When I began writing this book I analyzed the eating habits I had adopted over the years ­ rich in vegetables, fruits, whole grains and nuts, high in olive oil and fatty fish, relatively low in red meat or dairy ­ and it struck me: without consciously intending to do so, I had adopted the traditional Mediterranean diet. The term "Mediterranean diet" has become a fashionable buzzword; yet, this way of eating has been around for millennia. Unlike many modern health-food regimes, the Mediterranean style of eating was not deliberately designed as a way to boost human health and longevity. Nor should it be seen as a "diet" for weight-loss. Rather, the Mediterranean diet is simply a traditional way of eating that evolved naturally, organically, in response to climatic and ecological conditions. The many different soils and micro-climates found in various parts of the Mediterranean basin have produced a high degree of variation among foods and flavors across the region. As a result, each area has its celebrated specialties: for example, herbs, olive oil and summer vegetables from Provence in southern France; ewes' milk cheese and olives from Greece; a multitude of vegetable antipasti from Italy; garlic, beans and almonds from Spain; pungent herbs and spices, beans and garbanzos, and a profusion of fresh and dried fruits from North Africa and the Middle East ­ to name only a few. Despite this wide diversity of flavors, ingredients and preparation methods, the region's traditional food patterns share many common traits. Because natural conditions were not particularly conducive to intensive animal husbandry, the inhabitants of the Mediterranean basin traditionally ate an abundance of plant foods: vegetables and fruits, weeds, roots and berries, nuts and seeds foraged in the wild, beans and legumes. Grains were consumed in their natural, unrefined state, mostly in the form of bread baked from whole, coarse barley or spelt flour, using sourdough as leavening, or as gruels cooked with water. Sugar was largely absent, processed food non-existent.


A profusion of plant foods To this day, plant foods remain at the heart of the Mediterranean cuisine. Take a look at any Greek, Spanish, Lebanese or Italian restaurant menu. Here you can choose between salads of roasted bell peppers, onions and eggplant sprinkled with fresh herbs, or an antipasto of artichoke hearts marinated in olive oil. There may be Marinated mushrooms, chilled Gazpacho, Hummus or crunchy Garbanzo falafels nestling on a bed of crisp lettuce and doused with garlicky sesame sauce. For dessert, succulent figs stewed in red wine, baked peaches or, more simply, mixed nuts and dried fruits are on offer. With its heavy emphasis on plant foods, the pre-industrial Mediterranean diet was virtually vegetarian. This was reinforced by religious practices that dominated the region's eating habits until only two or three decades ago. Especially the Eastern Orthodox, Catholic and Armenian Churches limited or restricted meat: all animal foods ­ sometimes even eggs and dairy ­ were prohibited for forty days before Christmas and 10 days afterwards, the 40 days leading up to Easter, the 15 days before the Feast of the Assumption on August 15, as well as on every Wednesday and Friday of the year. What modest amounts of animal protein were eaten came mainly from wild fish caught in the sea, in rivers and lakes; from meager yields of goats' or ewes' milk used to make yogurt or cheese; from the eggs and flesh of chickens scratching around the yard, and from occasional goat meat, wild rabbits and game birds, such as geese, ducks, pheasant or quail, whose lean, aromatic flesh provided flavor to vegetable stews and soups. Wild, foraged animal foods like snails and frogs, an excellent source of healthy fats and protein, remain popular in France to this day. Pulling all these tasty and healthy ingredients together, olive oil has been the principal source of fat around the Mediterranean for thousands of years, prized for its rich flavor and high nutritional value. Further stimulating its eaters' taste buds, the region's diet has always made copious use of pungent garlic, aromatic herbs ­ oregano, thyme, parsley or fresh cilantro ­ and spices such as turmeric, ginger, cumin and coriander. You too can eat like a Mediterranean You may be wondering how you can adopt a Mediterranean diet without moving to Greece or Italy (albeit perhaps a tempting thought). The good news is: you can eat this way wherever you live!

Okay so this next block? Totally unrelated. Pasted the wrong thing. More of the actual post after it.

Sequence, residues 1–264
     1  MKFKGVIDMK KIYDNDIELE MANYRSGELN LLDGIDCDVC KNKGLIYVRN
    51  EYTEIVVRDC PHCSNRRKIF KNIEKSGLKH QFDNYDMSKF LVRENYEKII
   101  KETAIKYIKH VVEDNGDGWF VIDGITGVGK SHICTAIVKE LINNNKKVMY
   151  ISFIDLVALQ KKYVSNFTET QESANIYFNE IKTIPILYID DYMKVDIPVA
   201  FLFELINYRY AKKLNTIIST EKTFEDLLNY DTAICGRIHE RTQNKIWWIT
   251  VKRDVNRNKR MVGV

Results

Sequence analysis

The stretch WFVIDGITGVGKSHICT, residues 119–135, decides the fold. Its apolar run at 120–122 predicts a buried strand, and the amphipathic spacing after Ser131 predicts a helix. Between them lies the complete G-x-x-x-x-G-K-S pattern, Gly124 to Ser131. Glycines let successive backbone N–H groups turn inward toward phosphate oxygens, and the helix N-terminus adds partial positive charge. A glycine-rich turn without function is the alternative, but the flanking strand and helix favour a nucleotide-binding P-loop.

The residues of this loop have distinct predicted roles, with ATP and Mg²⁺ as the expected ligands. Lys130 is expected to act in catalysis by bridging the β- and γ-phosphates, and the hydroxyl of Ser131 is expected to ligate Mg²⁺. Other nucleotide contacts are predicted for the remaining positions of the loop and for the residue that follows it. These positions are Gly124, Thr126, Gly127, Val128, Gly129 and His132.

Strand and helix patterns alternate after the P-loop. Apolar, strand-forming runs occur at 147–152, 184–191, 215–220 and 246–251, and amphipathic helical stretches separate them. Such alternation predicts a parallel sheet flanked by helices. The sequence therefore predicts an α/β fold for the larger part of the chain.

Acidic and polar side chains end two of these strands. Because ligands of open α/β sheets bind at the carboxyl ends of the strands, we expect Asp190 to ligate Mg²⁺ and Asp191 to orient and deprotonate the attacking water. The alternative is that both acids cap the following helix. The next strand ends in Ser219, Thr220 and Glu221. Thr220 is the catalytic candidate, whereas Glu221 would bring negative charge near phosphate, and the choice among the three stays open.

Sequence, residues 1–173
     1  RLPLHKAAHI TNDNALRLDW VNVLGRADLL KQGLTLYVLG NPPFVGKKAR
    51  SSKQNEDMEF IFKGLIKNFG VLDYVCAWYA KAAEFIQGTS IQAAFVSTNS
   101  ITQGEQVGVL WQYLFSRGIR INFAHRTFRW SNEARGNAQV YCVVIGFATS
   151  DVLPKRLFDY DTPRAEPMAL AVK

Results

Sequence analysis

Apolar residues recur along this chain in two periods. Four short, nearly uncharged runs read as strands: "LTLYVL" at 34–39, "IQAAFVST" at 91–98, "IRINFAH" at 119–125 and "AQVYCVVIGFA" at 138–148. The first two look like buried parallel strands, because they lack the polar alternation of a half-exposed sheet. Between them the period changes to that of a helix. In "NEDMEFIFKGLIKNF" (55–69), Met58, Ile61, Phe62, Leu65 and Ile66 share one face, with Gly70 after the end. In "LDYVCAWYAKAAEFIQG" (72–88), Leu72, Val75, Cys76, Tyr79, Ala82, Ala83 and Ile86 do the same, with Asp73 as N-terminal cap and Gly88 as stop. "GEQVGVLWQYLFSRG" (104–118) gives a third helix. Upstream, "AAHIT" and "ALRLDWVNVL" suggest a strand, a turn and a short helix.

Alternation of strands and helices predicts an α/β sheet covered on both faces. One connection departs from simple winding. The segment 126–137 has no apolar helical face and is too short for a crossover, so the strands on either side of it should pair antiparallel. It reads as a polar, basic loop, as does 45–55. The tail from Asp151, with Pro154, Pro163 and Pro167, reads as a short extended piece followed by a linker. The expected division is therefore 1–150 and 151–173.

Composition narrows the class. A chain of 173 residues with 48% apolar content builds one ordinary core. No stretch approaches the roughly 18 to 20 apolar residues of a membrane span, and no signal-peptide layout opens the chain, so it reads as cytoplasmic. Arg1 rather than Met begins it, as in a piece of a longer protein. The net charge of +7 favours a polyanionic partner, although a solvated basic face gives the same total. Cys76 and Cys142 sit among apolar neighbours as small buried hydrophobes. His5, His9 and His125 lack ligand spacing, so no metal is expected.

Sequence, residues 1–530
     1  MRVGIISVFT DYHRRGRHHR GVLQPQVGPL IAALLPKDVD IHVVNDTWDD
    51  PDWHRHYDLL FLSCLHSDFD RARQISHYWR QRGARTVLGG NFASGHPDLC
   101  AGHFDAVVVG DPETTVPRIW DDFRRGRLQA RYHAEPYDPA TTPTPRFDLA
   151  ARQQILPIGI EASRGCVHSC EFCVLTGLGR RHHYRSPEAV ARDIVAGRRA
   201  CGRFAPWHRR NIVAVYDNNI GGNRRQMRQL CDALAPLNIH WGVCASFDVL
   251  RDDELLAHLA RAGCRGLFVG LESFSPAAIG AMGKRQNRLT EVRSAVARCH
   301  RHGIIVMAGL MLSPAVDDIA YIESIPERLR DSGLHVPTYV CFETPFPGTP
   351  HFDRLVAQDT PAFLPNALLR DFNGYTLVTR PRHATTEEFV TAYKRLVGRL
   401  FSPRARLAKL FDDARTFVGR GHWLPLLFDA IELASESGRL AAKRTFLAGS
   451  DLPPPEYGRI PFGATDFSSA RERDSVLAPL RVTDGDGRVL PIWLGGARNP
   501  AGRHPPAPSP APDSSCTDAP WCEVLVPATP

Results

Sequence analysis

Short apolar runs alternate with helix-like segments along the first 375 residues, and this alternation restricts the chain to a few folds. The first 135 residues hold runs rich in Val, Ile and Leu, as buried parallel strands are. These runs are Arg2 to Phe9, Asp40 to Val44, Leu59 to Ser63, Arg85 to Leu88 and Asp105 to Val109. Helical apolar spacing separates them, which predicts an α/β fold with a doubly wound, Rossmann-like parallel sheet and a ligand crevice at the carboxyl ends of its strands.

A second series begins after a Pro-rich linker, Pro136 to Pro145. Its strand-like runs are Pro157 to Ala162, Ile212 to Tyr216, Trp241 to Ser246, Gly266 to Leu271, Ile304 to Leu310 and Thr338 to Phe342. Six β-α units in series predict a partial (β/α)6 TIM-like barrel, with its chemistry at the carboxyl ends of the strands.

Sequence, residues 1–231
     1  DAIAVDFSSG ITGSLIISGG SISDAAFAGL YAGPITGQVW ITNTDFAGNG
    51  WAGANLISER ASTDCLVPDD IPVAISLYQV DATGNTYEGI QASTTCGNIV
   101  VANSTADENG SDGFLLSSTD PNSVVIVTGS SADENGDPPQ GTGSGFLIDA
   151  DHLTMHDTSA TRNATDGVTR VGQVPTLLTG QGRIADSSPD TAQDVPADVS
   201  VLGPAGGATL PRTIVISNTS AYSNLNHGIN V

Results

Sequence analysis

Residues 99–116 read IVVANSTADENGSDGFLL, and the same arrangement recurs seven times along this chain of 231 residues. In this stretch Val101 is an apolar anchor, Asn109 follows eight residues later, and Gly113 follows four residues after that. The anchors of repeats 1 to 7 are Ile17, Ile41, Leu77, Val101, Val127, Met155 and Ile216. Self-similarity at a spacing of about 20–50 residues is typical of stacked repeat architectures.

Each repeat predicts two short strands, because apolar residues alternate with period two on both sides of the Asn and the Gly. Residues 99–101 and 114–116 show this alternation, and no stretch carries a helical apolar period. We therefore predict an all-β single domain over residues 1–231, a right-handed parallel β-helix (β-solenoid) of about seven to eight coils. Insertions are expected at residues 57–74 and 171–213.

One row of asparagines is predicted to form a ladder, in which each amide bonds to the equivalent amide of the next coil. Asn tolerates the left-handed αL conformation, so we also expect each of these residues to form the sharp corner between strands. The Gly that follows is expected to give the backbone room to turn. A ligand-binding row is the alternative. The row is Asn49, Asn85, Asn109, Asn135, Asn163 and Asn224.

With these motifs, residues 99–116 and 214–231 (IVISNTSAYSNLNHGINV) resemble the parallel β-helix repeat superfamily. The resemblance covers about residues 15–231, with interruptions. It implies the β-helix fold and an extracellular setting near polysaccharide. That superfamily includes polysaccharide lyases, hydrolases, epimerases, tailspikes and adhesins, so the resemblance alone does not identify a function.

1.Highintakeofvegetables and fruits 2.Highintakeof olive oil,moderateintakeofsaturatedanimalfats 3.Highintakeoflegumes (pulses), whole grains, nuts and seeds 4.Frequentuseofaromatic herbs and spices 5.Moderate-to-highintakeoffish and eggs 6.Moderateconsumptionofdairy products,mostlyascheeseandyogurt 7.Moderateintakeofmeatandmeatproducts,especiallyredmeat 8.Moderatewineconsumptionwithmeals(whereacceptedbyreligion) 9. Absenceofmass-producedprocessed food;lowintakeofsugar,refined flourproductsandindustriallyrefinedfats 10. Centralroleofconviviality:sharingfoodanddrinkwithothers

Based on ingredients that are easily available everywhere, simple to prepare and delicious, Mediterranean-style eating can be transported to any part of the globe and adapted to local conditions (seasons, types of vegetables and fruits grown there). Indeed, many adherents of the Mediterranean diet living in northern Europe, the U.S. or Australia are reaping its benefits daily. Sadly, one of the most reliable indicators of the healthiness of the Mediterranean diet is that when populations give up this style of eating, their health deteriorates markedly. Many citizens of modern-day Greece, Spain and Italy no longer eat the traditional Mediterranean diet, having replaced it with lower-quality fast food, and they're paying the price in terms of declining health, notably through a sharp increase in obesity.


Over the millennia, the wide diversity in foods and flavors around the Mediterranean gave rise to markedly distinct and diverging culinary traditions. But what is striking is that almost every food thought to have anti-cancer properties ­ such as garlic,